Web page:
Part 1 is a quiz paper especially prepared for use with the corrector device. 'Part 2 is a corrector device made of stiff, clear, plastic sheeting or other material. Indicia 3 are printed rectangles upon the corrector device. Indicia 4 are stimulus words printed upon the quiz paper. Lines 5 are vertical lines printed upon the quiz paper. Lines 6 are horizontal lines printed upon the quiz paper. Indicia A 7, B 8, C 9, and D 10 are letters printed upon the quiz paper designed to be circled by the child at the direction of the teacher to indicate which position of the corrector device is to apply to the quiz. Indicia 11 are letters printed near the corners of the corrector device to be placed in correspondence with letters on the quiz paper to indicate which position of the corrector device applies to any particular designated quiz. Mark 12 is the underline made by the child in response to the stimulus word or question.

Figure 1 depicts an embodiment of our invention in the form of a multiple choice quiz paper with the corrector device in outline register upon the quiz paper. This form may be considered an article of manufacture:

2,835,989 Patented May 27, 1958 the quiz papers being supplied loosely or in pads and adaptable for use only with the corrector device shown. A large number of quiz papers on language, history, etc., could be printed and adapted to the particular cor rector device shown in the drawing, but a corrector device with another arrangement of the printed rectangles could not be used with the quiz paper shown on the drawing. The corrector device shown on the drawing is indexed in all four corners with the letters A, B, C, and D. It presently depicts the corrector device as being in position A, with the printed rectangles of the corrector device outlining all of the verbs on the quiz paper, including the underlining marks of the student, and the student is shown to have marked the quiz properly for the verb test. To fully utilize the quiz the testing procedure would be continued with a fresh copy of the same quiz paper at another class period for an adverb quiz, the paper graded by placing the corrector device upon the quiz paper with index letter B of the corrector device corresponding to the index letter B on the quiz paper; and so forth with a fresh copy using the index C for nouns, and another fresh copy at another class period using the index D for adjectives. While the foregoing indicates a manifold use of one multiple choice quiz paper by issuing the students a fresh copy of the same quiz at diiferent class periods, another use may be made of the same corrector device whereby four new quiz forms are prepared, each form using a different position of the corrector device. This last procedure would be used when the subject has been mastered to the extent that the student could find the correct answer by elimination of the known.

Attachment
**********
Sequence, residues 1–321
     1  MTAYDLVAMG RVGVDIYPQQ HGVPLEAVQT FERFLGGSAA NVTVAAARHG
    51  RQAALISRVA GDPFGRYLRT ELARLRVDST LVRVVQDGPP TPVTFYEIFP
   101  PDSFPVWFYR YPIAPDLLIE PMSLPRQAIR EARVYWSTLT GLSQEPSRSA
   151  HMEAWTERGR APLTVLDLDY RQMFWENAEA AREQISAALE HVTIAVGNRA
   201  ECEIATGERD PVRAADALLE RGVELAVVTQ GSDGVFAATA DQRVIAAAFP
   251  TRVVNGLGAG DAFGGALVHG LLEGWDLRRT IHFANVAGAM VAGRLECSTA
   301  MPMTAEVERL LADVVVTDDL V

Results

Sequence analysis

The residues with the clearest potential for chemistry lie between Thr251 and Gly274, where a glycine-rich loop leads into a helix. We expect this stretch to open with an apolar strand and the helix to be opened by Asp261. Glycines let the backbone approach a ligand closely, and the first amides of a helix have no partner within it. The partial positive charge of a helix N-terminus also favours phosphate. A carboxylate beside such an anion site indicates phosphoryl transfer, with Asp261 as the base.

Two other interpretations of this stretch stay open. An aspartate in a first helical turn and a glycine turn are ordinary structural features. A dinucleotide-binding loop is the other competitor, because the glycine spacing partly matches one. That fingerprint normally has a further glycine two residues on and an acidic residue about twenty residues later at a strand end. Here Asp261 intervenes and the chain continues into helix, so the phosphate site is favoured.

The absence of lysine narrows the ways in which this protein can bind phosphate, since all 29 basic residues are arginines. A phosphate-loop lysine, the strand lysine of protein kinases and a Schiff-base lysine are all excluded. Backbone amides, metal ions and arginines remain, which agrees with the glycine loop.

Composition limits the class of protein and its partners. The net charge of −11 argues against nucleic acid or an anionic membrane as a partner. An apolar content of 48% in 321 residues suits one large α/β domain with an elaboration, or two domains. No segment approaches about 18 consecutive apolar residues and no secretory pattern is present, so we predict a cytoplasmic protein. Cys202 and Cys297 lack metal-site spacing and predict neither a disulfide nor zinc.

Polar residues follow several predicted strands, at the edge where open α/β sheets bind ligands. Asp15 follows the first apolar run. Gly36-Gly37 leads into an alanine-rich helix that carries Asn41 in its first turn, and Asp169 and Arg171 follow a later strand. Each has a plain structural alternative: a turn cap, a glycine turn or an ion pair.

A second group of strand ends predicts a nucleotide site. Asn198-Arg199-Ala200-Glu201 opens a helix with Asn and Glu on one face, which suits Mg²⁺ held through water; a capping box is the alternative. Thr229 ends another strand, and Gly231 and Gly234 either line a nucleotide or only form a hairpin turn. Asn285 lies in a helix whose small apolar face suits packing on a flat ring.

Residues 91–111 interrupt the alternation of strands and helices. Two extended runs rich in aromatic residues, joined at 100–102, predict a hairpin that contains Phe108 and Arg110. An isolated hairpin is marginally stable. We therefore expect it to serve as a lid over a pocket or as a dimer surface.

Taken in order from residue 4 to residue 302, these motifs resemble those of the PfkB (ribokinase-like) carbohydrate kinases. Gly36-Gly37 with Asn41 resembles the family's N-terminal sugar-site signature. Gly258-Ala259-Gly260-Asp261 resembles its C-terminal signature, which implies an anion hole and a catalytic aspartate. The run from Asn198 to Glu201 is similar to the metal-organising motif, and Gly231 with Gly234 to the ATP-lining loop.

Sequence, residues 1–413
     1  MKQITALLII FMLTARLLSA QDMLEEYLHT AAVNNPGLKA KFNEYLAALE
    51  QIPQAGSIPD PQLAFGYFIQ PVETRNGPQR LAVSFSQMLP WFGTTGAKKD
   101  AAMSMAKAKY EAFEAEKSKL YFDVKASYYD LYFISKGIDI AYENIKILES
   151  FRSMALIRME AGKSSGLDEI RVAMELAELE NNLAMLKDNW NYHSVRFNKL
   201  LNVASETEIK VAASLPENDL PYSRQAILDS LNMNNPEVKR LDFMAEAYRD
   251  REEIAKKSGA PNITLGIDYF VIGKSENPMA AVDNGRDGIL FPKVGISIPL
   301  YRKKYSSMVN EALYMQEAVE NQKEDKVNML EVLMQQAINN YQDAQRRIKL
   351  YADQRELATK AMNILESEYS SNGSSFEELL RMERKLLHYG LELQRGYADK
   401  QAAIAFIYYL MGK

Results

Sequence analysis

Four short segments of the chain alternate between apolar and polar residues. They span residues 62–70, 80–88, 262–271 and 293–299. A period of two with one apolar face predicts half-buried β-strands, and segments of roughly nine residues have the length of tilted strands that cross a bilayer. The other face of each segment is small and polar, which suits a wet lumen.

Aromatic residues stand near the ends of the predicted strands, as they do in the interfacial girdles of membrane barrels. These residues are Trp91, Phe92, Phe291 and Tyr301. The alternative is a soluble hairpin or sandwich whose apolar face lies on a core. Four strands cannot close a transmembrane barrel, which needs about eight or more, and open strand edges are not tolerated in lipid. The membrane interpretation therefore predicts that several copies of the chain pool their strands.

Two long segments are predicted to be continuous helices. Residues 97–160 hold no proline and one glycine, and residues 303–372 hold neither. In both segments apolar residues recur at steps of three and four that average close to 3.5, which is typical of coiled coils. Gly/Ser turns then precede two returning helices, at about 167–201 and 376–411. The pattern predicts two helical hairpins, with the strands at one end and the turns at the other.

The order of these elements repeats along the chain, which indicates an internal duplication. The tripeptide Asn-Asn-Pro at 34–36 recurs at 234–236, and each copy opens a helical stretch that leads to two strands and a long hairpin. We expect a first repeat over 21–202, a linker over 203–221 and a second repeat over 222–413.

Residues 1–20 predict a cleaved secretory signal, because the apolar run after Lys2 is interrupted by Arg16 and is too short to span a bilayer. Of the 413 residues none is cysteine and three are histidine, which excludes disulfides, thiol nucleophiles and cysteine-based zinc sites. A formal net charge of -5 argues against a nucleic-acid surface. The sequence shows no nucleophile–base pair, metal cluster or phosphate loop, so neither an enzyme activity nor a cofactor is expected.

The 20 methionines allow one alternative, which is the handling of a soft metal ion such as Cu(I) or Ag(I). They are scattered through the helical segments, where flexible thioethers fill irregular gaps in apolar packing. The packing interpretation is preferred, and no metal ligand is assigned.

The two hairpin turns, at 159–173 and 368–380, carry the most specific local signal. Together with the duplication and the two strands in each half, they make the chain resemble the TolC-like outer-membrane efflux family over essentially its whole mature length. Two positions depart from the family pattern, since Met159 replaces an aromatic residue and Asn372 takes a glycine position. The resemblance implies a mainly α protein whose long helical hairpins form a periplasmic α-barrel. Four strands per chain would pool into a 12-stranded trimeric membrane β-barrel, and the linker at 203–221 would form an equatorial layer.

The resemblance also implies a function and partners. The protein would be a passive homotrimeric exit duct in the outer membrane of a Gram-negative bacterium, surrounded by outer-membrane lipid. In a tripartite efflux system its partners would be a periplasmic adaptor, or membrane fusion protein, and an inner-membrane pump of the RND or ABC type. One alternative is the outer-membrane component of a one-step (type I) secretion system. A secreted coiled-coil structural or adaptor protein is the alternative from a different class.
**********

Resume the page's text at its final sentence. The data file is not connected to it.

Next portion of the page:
Referring to Figure 2:

Part 1 is a quiz paper simulating that shown in Figure l and prepared for use with our device. Part 2, is a corrector device made of stiif, clear, plastic sheeting or other material. Indicia 3 are printed rectangles upon the face of the corrector device, of which there are eight in this drawing. Lines 5 are vertical lines printed upon the quiz paper. Lines 6 are horizontal lines printed upon the quiz paper. The letters A 7, B 8, C 9, and D 10 are printed upon the quiz paper in the upper right hand zontal axis. Letters A, B, C and D within the rectangles are not printed upon the quiz paper or the corrector device, but are shown for the purpose of explanation on Figure 2. printed rectangles of the corrector device when placed in position A on the quiz paper. arrangement of the printed rectangles of the corrector device when placed in position B on the quiz paper. Indicia C indicates the arrangement of the printed rectangles of the corrector device when placed in position C on the quiz paper. Indicia D indicates the arrangement of the printed rectangles of the corrector device when placed in position D on the quiz paper.